As Tropical Cyclone Freddy Hits, Malawi Faces Urgent Need for Support and Preparedness

By Wonderful Mkhutche and James Woods*

As the sun rose over the vast expanse of southern Malawi on March 11, families and farmers went about their daily routines. The air was heavy with humidity and clouds gathered with a promise of rain. It was just another day for them, or so they thought.

But Mother Nature had other plans. In the distance, a storm was brewing, one that would soon unleash its fury on the unsuspecting communities. Tropical Cyclone Freddy (TCF) was coming with a determination to destroy.

A few weeks before, the Department of Climate Change and Meteorological Services had issued warning updates in preparation for TCF’s expected impact on most parts of southern Malawi. The areas to be highly impacted included Chikwawa, Nsanje, Mulanje, Thyolo, Chiradzulu, Phalombe, Mwanza, and Blantyre, along with parts of Neno, Zomba, and some Lakeshore districts.

In response to the projected impact, the Department of Disaster Management Affairs (DoDMA) had been coordinating preparedness and response interventions. But it was too little and too late as the Cyclone’s rage had already reached its destination. As of March 13, DoDMA’s Commissioner for Disaster Management Affairs, Charles Kalemba, was quoted in the local media that about a hundred people had died and thousands  injured due to the Cyclone with property destroyed and thousands displaced.

The people of Malawi, however, are no strangers to natural disasters. In 2019, Cyclone Idai wreaked havoc across Malawi, Mozambique and Zimbabwe, leaving over 1,000 people dead and affecting millions. The lessons learned from that tragedy had spurred the government and its partners to invest in disaster preparedness and resilience building, but there was only so much they could do due to limited resources and capacity.

As TCF drew closer, people began to evacuate their homes to take shelter in designated centres. The Ministry of Education announced school closures for March 13-14 in southern Malawi over safety concerns, and communities braced themselves for the worst. The rain started to pour, and the wind howled like a pack of wolves.

In the midst of it all, one story stood out. That of a family in Nsanje, a district highly impacted by the cyclone due to its proximity to Mozambique and the Indian Ocean. They had lost everything during Cyclone Idai’s 2019 floods, and now they are faced with the reality of starting over once again. But instead of despairing, they banded together, with neighbours and strangers alike, to help each other survive. They pooled their resources and worked tirelessly to build makeshift shelters and dig trenches to divert the floodwaters.

Their story is one of resilience and hope in the face of adversity, a testament to the strength of the human spirit. But it is also a reminder of the stark reality that many communities in Malawi face. Climate change has made natural disasters more frequent and more devastating, and the people on the front lines of these crises are often the ones who can least afford to bear the brunt of them.

The government and its partners have made strides in disaster preparedness and resilience building. However, much more needs to be done. Malawi remains one of the world’s least developed countries, with limited resources and infrastructure to cope with the impacts of climate change. The country relies heavily on overseas aid from rich countries to help them become more resilient to extreme weather and to adapt to climate change.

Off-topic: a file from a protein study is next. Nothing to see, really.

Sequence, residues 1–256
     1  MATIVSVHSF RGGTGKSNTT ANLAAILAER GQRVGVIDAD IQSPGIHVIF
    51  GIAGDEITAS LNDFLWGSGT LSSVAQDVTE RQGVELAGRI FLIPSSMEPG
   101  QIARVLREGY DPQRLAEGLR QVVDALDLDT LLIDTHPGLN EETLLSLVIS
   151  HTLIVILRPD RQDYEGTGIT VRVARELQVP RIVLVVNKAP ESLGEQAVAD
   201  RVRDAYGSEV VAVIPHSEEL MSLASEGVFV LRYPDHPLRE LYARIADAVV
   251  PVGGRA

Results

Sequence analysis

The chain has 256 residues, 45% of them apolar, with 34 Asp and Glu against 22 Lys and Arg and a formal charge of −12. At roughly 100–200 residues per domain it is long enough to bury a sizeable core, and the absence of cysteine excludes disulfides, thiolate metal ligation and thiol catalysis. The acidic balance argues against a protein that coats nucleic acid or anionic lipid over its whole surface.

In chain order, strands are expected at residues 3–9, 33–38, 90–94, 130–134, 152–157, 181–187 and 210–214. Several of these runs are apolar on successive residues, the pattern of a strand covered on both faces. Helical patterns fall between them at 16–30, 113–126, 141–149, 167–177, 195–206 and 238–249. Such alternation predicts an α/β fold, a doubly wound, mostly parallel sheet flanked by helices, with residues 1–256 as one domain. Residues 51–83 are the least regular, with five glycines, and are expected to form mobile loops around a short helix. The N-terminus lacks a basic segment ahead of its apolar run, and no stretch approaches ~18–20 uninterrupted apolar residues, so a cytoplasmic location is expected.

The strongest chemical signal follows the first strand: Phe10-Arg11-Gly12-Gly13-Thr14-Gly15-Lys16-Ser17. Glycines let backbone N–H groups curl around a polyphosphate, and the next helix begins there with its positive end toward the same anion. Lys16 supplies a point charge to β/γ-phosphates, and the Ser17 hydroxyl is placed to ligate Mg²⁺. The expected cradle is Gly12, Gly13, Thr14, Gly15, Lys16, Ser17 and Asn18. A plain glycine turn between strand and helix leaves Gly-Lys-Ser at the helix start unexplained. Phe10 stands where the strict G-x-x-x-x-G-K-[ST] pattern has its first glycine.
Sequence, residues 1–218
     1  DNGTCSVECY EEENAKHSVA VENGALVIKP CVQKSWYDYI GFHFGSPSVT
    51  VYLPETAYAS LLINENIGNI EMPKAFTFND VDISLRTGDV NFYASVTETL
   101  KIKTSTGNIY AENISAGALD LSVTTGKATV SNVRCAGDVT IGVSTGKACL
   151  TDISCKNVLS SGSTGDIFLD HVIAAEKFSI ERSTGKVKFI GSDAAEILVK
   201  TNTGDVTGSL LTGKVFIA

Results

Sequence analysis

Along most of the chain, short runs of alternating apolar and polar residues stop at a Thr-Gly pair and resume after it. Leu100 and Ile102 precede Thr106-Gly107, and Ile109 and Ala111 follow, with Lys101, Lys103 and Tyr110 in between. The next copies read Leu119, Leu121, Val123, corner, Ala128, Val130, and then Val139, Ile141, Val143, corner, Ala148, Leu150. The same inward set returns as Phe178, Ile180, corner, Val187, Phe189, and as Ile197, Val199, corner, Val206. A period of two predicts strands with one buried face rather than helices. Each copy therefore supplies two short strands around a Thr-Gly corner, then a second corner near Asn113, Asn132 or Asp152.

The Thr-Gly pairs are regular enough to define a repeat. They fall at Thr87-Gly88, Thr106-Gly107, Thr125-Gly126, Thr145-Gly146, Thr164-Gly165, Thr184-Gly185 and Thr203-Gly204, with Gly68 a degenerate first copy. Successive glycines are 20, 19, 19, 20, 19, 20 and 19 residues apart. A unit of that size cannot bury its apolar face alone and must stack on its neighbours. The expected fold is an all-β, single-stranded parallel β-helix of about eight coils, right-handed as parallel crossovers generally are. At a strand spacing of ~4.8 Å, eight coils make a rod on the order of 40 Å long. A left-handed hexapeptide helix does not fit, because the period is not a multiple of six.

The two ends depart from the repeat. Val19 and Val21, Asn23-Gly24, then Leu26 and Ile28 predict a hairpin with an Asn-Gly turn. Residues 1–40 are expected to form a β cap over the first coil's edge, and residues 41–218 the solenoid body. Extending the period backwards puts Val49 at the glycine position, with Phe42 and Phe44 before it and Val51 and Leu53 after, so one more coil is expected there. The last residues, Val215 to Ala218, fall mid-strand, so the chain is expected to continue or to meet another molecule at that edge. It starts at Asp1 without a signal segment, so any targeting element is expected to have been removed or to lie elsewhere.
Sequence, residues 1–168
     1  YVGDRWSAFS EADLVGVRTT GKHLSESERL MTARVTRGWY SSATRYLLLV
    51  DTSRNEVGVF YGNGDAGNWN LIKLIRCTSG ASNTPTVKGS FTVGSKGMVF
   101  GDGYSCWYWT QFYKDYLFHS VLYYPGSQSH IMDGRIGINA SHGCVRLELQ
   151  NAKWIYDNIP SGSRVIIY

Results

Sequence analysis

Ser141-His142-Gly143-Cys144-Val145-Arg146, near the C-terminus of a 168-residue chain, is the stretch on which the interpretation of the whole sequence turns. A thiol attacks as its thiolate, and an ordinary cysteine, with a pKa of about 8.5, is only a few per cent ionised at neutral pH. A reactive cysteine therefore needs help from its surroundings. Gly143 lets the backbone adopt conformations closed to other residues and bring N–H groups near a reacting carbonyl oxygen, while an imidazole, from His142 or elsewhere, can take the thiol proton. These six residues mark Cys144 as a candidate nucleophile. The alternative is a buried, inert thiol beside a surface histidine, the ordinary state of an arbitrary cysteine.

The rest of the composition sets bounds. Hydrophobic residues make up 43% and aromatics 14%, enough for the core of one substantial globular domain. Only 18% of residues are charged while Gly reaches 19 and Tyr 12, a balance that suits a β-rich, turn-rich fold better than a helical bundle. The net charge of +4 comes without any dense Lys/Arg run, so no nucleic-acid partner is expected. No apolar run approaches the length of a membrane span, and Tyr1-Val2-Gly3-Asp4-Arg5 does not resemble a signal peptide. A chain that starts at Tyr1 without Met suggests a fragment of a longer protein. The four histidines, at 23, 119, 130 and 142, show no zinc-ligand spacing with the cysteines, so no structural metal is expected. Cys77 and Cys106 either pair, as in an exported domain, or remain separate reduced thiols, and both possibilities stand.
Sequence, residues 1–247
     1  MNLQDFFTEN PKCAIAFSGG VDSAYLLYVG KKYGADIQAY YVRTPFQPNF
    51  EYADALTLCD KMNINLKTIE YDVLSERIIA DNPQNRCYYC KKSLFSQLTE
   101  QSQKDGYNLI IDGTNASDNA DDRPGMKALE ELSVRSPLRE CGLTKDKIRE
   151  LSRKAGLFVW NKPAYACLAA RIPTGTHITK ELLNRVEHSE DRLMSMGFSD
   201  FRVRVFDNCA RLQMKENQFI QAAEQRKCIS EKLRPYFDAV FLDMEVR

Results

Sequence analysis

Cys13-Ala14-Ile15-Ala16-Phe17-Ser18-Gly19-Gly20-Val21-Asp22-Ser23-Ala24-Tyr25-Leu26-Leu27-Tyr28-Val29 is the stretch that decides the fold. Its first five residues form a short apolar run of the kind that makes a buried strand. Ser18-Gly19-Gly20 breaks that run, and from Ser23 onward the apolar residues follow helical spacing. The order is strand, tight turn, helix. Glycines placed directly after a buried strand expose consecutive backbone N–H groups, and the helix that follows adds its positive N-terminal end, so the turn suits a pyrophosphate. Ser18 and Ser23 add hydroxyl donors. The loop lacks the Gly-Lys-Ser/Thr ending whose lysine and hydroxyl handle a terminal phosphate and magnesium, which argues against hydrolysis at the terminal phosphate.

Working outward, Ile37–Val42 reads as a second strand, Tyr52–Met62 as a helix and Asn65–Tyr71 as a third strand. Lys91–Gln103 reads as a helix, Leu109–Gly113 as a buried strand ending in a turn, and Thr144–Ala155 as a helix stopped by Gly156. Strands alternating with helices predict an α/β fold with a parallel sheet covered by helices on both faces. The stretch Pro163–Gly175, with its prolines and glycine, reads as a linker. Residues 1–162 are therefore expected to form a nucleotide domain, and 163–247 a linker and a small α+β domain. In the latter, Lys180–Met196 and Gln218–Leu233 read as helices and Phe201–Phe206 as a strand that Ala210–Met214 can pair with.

The disastrous effects of Cyclone Idai and now Cyclone Freddy have highlighted the crucial importance of rich countries providing financial support to poor countries. Mozambique has also been hit hard by these deadly storms, showing the widespread impacts of climate change on vulnerable communities.

As the rain continues to fall and the winds rage on, the people of Malawi will continue to band together and fight for their survival. But they cannot do it alone. The international community must step up and provide the resources and support needed to help build climate resilience and protect the lives and livelihoods of those on the front lines of climate change. The fate of millions hangs in the balance, and the time to act is now.

*Wonderful Mkhutche is a well-known Malawian political scientist, author, newspaper columnist and public intellectual. He widely comments on socio-political issues in Malawi and is a reputable good governance expert. He hold a Master of Arts Degree in Political Science from the University of Malawi, and is an author and co-author of three top-selling books in the country, ‘Lucius Banda; The Man, The Music & The Politics’, ‘Hills and Valleys; The Autobiography of Billy Kaunda’ and ‘Religion & Politics In Malawi; Short Essays’.

*James Woods is a former Malawi Diplomat to the European Union, he has also worked at the Mo Ibrahim Foundation, a organisation focused on promoting good governance and leadership in Africa. He is experienced in governance, reputation management, strategic media, communications, diplomacy, and sports management. He holds a Master of Science in Social Policy and Development from the London School of Economics and Political Science; a graduate of the Executive Leadership Programme at Saïd Business School, University of Oxford, and the Executive Certificate in Shipping Economics, Investment, and Finance from CASS Business School and Baltic Exchange and is currently enrolled on the prestigious Executive MBA program at Saïd Business School, University of Oxford. James is also an Arch-Bishop Desmond Tutu Fellow for Leadership. This fellowship is awarded to exceptional young African leaders who have demonstrated a commitment to advancing positive change on the continent.


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